Bachchan is the lynch pin along with ever dependable Ayushmann Khurrana as Baankey. Ayushmann gets his dialect bang on (but surprisingly not Lucknawi) and creates a lisp, which adds the hiss to his serpent like character. Both these characters physicality has been created with an eye for detail. They spar, jab and box each other in corner with verbal spats, which are a treat to watch and are the high point of the movie. It is the chemistry and the concoction that they conjure up with their screen presence, which saves this movie from drowning into depths.
Vijay Raaz as Gyanesh Shukla is his usual self and he slips in character as liquid into a container. He plays it natural and catches the pulse of the government servant in safari suit with finesse. The other characters who fill in the universe are also at the top of their game – be it the lawyer Chritopher Clarke with broken English played by Brijendra Kala, who plays it sly and underhand. Srishti Shrivastava (Guddo) as Baankeys grown up amorous sister is also fantastic and she puts her all to not only get into the skin of her finely sketched character but also stands out well in such an august company of proven performers. Last but not the least is Farrukh Jafar (Fatima Begum), who even when she chides or insults her harried husband does so with her nuanced Lucknawi grace and etiquette. Her Urdu-laced accent is to die for! She does not get much of the screen time but is more than handful when she does and she holds on to her own.
Gulabo Sitabo is a character driven vehicle, where the plot takes a back seat. Though the script and dialogues do act as skilled navigators but the journey is passable to say the least. Shoojit Sircar (Director) and Juhi Chaturvedi (Writer) did create the milieu, characters, events and happenings very earnestly but every now and then, the vehicle careens off the track and it is only the high octane calibre of the performers which holds it on to the path it aims to ride on.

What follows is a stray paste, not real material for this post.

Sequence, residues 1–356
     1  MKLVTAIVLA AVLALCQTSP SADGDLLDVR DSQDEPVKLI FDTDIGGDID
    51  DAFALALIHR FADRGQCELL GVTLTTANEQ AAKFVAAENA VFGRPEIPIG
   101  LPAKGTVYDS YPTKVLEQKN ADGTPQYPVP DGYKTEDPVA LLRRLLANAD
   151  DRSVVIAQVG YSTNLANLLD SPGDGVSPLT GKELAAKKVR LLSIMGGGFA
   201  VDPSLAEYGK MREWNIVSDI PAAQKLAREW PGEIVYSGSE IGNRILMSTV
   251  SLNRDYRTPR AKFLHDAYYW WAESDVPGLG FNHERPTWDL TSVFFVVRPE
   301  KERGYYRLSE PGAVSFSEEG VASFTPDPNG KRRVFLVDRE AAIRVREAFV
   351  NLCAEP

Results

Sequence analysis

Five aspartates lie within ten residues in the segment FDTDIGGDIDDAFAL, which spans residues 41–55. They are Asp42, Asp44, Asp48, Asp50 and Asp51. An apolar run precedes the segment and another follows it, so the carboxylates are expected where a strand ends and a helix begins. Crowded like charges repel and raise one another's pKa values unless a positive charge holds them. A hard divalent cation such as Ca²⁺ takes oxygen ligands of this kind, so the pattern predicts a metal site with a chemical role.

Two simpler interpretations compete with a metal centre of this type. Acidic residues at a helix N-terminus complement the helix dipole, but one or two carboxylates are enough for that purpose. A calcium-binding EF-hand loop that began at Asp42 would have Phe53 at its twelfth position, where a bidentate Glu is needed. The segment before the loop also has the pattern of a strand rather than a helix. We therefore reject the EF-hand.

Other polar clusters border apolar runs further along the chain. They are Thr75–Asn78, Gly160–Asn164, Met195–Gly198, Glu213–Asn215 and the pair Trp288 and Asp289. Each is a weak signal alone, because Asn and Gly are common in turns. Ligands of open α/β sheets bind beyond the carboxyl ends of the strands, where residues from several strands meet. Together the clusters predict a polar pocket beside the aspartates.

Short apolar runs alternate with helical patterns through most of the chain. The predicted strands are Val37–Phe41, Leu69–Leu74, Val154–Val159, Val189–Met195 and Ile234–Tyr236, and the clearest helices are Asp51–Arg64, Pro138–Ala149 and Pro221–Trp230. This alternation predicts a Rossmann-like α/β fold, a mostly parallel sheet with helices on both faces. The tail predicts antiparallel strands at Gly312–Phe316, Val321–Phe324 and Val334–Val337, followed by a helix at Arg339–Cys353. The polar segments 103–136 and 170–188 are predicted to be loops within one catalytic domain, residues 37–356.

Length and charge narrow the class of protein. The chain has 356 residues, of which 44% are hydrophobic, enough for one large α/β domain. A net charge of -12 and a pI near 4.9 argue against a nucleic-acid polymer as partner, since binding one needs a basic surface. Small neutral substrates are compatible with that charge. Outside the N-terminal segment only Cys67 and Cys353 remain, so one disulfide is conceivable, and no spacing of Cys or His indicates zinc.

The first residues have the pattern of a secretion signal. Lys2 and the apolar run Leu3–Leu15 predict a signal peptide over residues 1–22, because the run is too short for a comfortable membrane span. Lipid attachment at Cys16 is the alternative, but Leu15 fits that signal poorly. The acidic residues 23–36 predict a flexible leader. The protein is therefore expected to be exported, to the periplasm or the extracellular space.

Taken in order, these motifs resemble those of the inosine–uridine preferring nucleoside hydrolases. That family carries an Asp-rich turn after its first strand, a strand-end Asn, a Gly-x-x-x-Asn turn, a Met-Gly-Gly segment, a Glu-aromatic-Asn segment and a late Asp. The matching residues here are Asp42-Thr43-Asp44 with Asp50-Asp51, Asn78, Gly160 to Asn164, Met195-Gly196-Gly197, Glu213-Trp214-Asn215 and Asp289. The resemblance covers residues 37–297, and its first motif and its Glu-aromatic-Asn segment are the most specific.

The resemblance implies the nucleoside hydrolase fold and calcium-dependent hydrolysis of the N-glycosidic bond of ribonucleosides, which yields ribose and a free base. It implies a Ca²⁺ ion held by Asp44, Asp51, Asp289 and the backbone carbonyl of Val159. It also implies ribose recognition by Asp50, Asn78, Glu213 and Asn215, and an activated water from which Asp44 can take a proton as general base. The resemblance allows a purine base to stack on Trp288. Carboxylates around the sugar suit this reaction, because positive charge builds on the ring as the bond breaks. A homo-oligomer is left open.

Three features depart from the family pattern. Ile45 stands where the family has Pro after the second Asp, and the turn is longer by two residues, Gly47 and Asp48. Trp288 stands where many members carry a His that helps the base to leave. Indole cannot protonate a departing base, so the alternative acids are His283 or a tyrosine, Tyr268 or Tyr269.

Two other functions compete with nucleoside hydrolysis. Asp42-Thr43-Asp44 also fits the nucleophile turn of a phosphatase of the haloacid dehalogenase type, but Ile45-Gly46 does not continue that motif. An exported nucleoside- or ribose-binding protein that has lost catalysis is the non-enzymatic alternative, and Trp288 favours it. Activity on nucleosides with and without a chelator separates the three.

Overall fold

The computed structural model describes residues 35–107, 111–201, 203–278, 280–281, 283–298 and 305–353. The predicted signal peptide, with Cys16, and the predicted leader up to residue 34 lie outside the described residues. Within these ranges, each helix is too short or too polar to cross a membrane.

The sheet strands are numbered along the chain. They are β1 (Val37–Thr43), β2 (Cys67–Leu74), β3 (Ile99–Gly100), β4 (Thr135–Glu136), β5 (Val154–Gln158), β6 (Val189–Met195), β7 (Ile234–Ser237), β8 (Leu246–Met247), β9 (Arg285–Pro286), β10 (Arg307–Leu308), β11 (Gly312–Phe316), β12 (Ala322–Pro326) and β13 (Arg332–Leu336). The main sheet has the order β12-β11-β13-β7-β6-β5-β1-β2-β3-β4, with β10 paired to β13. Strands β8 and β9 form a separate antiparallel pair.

The team creates a universe of utter misery and malice in a city known for its cheery and benevolent outlook. It’s paradoxical to discover the greedy aspect of this carefree town. The last time we experienced Lucknow in all its regal splendour and glory was Satyajit Rays classic Shatranj Ke Khiladi? and Rays influence on Shoojit Sircar is very well chronicled and known. He recently shared that while shooting for this movie, he stayed where his idol stayed – Hotel Clarion, when he directed the aforementioned classic.
Gulabo Sitabo is certainly not the best of the Shoojit Sircars work till date. The movie hurtles from one episode to another in a jerky way and events do not flow as smoothly as Sircar is known for. Another interruption, which one keeps noticing is the background score (not songs), which is jarringly repetitive and boringly one-dimensional and is highly unexpected from the talented Shantanu Moitra. The movie is a typical Shoojit-Juhi formula that they have mastered – present a slice of life story with acutely examined incidents and experiences.
Overall, the movie is a sonorous sojourn saddled with bumps – a ride worth taking but can get tad jerky and juvenile at places. A tepid affair from a seasoned director; salvaged dutifully by competent team of actors. In the hindsight, it can be safely said that an online release will turn out to be a blessing in disguise for the offering. It’s more a fit for such digital platform than a big screen multiplex viewing. Give it a go for some non-ROLF banter, great performances, deft camerawork and lively locations.
Stars: 3 on 5